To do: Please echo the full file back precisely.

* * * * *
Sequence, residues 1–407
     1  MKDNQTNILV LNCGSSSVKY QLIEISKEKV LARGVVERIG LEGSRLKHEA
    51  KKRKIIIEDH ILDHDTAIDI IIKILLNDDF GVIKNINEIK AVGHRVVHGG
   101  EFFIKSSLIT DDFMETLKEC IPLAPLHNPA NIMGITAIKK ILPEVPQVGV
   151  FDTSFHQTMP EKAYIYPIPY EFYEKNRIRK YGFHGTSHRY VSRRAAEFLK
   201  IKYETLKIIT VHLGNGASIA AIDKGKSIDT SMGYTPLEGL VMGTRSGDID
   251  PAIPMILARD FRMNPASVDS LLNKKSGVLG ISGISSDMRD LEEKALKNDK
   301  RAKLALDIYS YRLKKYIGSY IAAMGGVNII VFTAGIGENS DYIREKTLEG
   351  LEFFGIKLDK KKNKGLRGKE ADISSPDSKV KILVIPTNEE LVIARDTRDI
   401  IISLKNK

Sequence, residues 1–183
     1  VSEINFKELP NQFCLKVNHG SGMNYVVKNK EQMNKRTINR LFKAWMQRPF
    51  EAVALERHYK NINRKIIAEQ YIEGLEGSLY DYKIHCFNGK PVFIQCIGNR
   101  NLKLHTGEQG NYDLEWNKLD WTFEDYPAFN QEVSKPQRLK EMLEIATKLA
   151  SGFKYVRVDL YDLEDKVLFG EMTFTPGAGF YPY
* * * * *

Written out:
Sequence, residues 1–407
     1  MKDNQTNILV LNCGSSSVKY QLIEISKEKV LARGVVERIG LEGSRLKHEA
    51  KKRKIIIEDH ILDHDTAIDI IIKILLNDDF GVIKNINEIK AVGHRVVHGG
   101  EFFIKSSLIT DDFMETLKEC IPLAPLHNPA NIMGITAIKK ILPEVPQVGV
   151  FDTSFHQTMP EKAYIYPIPY EFYEKNRIRK YGFHGTSHRY VSRRAAEFLK
   201  IKYETLKIIT VHLGNGASIA AIDKGKSIDT SMGYTPLEGL VMGTRSGDID
   251  PAIPMILARD FRMNPASVDS LLNKKSGVLG ISGISSDMRD LEEKALKNDK
   301  RAKLALDIYS YRLKKYIGSY IAAMGGVNII VFTAGIGENS DYIREKTLEG
   351  LEFFGIKLDK KKNKGLRGKE ADISSPDSKV KILVIPTNEE LVIARDTRDI
   401  IISLKNK

Sequence, residues 1–183
     1  VSEINFKELP NQFCLKVNHG SGMNYVVKNK EQMNKRTINR LFKAWMQRPF
    51  EAVALERHYK NINRKIIAEQ YIEGLEGSLY DYKIHCFNGK PVFIQCIGNR
   101  NLKLHTGEQG NYDLEWNKLD WTFEDYPAFN QEVSKPQRLK EMLEIATKLA
   151  SGFKYVRVDL YDLEDKVLFG EMTFTPGAGF YPY